Cataloging & Classification Quarterly

Volume 23 Number 2 1996


EDITORIAL. By Ruth Carter

Both theory and practice are represented in the articles contained in this issue of Cataloging & Classification Quarterly. Topics range from subject references to the concept of a bibliographic unit to the impact of AACR2 on cataloging in Chinese libraries to the potential for international cooperative cataloging of Chinese language materials based on Taiwan's experience. Management of cataloging processes gains attention in an article looking at outsourcing while classification receives treatment in an examination of three classification systems for health insurance. Cataloging news completes the contents of this issue.

Three of the six articles deal with topics concerning East Asian libraries and issues. Internationalization of information is not new nor is sharing cataloging. Yet, the rapidity with which the peoples of the globe are being connected electronically is certainly dramatic. As catalogers and cataloging theorists around the world consider the implications of cataloging rules for all the languages of the world, there will be a gradual ability to use more cataloging from other countries with less modification. The day should arrive when most items can be cataloged once in the country of origin rather than cataloged many times as the works represented in the catalog records are acquired by libraries in countries across the globe. This does not mean that there will not be some local adjustment for call numbers, subject headings in different languages, or specialized enhancements for highly specialized clienteles. Yet, even foreign language materials, from many countries eventually will require less cataloging effort than at present.

When though will users be able to customize their searches based on their language of preference and their information needs? If one dream is an international master shared bibliographic database with subject headings at least in the IFLA languages (English, French, German, Russian and Spanish) plus the ability to handle non-Roman characters, how close are we to that dream? I would say we have a long way to go although some essential initial steps have been taken, for example, the CONSER database includes French and English subject headings. Another dream is in the area of archives and manuscripts. In an ideal world, all potential reference points including names and places would be searchable online. This suggests that the full text of all manuscripts and archives be converted to online. The storage and retrieval implications are enormous. In the meantime, converting traditional finding aids to electronic form, is a good step in the right direction. But some of these dreams may never become reality. Costs and time are among the factors limiting development, but we know that future generations will have access to information in ways we cannot even dream of now.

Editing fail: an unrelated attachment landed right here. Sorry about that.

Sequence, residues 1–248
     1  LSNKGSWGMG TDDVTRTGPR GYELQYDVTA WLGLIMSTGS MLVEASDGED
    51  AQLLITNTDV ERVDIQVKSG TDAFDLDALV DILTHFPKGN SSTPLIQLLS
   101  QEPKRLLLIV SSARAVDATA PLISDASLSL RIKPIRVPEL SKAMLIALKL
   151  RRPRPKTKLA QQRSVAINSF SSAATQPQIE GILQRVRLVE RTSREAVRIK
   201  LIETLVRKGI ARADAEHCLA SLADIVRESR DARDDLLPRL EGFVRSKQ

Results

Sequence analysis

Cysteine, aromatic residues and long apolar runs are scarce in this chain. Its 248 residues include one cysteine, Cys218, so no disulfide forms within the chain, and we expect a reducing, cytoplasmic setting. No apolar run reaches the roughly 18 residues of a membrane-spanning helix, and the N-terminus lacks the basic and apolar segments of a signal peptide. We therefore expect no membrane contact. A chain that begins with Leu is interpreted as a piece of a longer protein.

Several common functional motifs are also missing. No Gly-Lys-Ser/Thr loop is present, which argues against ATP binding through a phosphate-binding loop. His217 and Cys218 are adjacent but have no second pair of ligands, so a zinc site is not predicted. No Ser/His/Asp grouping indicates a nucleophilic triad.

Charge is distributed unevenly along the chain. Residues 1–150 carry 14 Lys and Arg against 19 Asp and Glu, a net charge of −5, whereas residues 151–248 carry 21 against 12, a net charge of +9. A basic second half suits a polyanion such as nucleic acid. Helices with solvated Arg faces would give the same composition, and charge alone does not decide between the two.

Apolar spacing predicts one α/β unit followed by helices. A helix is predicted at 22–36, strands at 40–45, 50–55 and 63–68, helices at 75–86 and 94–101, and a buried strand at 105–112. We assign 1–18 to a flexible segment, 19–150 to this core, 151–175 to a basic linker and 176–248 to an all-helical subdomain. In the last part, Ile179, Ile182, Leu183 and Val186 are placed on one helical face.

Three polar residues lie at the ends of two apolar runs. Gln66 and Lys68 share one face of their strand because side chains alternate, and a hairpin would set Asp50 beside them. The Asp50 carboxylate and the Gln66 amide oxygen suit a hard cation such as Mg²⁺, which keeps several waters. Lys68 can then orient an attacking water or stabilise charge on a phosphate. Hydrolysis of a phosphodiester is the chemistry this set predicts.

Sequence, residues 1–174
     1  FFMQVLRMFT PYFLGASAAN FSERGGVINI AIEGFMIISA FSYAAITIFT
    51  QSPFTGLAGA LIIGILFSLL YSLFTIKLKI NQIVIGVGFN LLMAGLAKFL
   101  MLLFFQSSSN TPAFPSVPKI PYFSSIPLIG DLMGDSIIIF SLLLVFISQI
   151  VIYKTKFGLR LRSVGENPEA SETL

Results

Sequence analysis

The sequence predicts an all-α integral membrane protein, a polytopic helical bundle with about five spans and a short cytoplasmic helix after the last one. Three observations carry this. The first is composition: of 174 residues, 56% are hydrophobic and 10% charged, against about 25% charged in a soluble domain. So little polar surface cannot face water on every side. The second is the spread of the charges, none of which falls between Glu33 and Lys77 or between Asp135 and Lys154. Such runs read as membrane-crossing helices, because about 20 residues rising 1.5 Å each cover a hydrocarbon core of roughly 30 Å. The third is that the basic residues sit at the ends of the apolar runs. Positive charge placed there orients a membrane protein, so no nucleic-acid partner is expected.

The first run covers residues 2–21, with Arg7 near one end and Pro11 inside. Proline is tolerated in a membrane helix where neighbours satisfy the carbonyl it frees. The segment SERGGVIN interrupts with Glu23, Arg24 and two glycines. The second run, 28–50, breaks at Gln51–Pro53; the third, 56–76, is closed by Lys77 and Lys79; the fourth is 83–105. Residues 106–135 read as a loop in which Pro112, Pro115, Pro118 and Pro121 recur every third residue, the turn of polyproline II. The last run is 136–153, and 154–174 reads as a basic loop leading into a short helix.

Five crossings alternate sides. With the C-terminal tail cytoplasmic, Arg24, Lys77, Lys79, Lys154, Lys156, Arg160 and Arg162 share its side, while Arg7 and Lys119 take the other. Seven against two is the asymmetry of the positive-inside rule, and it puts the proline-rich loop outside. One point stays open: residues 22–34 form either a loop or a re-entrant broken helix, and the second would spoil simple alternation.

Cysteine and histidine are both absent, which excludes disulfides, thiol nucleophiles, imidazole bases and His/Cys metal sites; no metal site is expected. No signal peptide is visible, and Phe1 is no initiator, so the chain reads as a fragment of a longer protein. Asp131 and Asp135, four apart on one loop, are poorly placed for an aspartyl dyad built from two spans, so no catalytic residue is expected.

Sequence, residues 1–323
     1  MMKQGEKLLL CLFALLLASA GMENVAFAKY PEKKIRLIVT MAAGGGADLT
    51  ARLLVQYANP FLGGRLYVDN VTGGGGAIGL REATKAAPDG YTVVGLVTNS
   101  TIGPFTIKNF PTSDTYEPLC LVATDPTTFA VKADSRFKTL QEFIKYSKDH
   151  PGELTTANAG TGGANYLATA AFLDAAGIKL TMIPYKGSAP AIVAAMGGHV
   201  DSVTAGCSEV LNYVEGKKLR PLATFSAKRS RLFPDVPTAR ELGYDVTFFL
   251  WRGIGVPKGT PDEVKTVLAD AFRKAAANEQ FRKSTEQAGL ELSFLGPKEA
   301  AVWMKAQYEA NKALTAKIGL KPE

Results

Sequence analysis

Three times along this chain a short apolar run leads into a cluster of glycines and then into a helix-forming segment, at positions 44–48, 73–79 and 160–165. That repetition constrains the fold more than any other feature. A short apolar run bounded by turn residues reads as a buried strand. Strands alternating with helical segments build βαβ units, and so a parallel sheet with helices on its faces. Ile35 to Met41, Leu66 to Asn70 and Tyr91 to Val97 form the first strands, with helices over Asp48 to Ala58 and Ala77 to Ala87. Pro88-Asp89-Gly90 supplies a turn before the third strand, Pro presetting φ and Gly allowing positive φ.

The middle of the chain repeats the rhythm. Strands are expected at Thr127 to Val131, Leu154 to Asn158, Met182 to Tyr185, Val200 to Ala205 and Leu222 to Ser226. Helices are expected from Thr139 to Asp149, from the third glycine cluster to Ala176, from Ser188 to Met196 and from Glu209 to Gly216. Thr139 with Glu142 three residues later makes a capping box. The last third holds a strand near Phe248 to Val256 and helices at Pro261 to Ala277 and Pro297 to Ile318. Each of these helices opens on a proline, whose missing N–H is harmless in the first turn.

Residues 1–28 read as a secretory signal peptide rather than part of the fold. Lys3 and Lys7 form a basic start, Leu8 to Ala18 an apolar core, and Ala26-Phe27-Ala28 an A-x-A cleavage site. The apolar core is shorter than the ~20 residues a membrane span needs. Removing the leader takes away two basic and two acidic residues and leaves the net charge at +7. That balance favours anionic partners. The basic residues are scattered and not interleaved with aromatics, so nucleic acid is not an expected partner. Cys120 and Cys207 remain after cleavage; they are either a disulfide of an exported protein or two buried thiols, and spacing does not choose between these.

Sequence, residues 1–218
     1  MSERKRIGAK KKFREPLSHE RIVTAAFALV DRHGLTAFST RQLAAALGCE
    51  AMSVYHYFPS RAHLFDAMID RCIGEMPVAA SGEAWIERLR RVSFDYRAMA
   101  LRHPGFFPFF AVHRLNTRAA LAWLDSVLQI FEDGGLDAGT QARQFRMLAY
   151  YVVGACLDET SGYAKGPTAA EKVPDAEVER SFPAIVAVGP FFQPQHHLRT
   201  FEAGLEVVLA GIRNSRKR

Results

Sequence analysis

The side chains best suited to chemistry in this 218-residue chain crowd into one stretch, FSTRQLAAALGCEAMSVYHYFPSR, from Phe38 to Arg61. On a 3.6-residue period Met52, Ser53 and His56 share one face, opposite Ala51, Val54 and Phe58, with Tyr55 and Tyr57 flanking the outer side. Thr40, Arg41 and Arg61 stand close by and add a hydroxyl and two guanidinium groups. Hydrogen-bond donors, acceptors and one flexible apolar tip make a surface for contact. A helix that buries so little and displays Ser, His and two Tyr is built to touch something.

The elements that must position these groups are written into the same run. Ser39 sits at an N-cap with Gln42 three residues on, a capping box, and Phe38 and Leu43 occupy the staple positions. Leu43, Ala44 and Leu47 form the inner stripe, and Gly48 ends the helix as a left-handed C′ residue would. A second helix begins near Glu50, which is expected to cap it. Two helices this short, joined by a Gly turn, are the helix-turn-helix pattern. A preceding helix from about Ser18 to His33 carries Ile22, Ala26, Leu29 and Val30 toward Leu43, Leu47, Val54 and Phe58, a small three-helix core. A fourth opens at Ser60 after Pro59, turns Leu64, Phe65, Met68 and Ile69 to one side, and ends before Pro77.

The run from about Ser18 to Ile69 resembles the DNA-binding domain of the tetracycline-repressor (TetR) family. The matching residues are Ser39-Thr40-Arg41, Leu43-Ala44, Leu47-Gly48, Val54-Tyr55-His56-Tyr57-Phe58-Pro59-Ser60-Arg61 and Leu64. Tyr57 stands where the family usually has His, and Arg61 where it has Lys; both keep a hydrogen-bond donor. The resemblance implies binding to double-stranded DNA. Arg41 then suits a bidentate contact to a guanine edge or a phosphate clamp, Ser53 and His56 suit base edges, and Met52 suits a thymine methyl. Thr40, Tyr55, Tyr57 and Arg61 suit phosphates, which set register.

It is humbling to remember that our exciting present will in a couple hundred years seem to be a primitive past. We probably want those future generations to respect our efforts, our desire to change and develop better services including more efficient, timely, and widely available information about information resources. In thinking about how we want to be respected in the future, let's remember that those who came before us felt the same way. The Library of Congress unit card was a major advance when it was first introduced in 1901. Each library did not need to catalog the same item from scratch. Cataloging production increased; users got materials faster. OCLC and other online bibliographic utilities allowed for similar advances. That new options exist for acquiring cataloging information is to be expected. There is also not necessarily a right or a wrong way, a better or a worse way to meet a library's need for cataloging. There are many options and many possible combinations of options. Decisions like this are local and must be made in context. Rest assured that whatever is chosen for today will be different in twenty years much less two hundred. To feel dismay with some aspects of the present is not new. Ralph Waldo Emerson once observed, "The world always had the same bankrupt look to foregoing ages as to us, --as of a failed world just re-collecting its old withered forces to begin again and try to do a little business." I

Ruth C. Carter

NOTE

1. Ralph Waldo Emerson, "Spiritual Laws," Essays, First Series, 1841, quoted in Gorton Carruth and Eugene Ehrlich, The Harper Book of American Quotations (New York: Harper & Row, 1988), p. 272.


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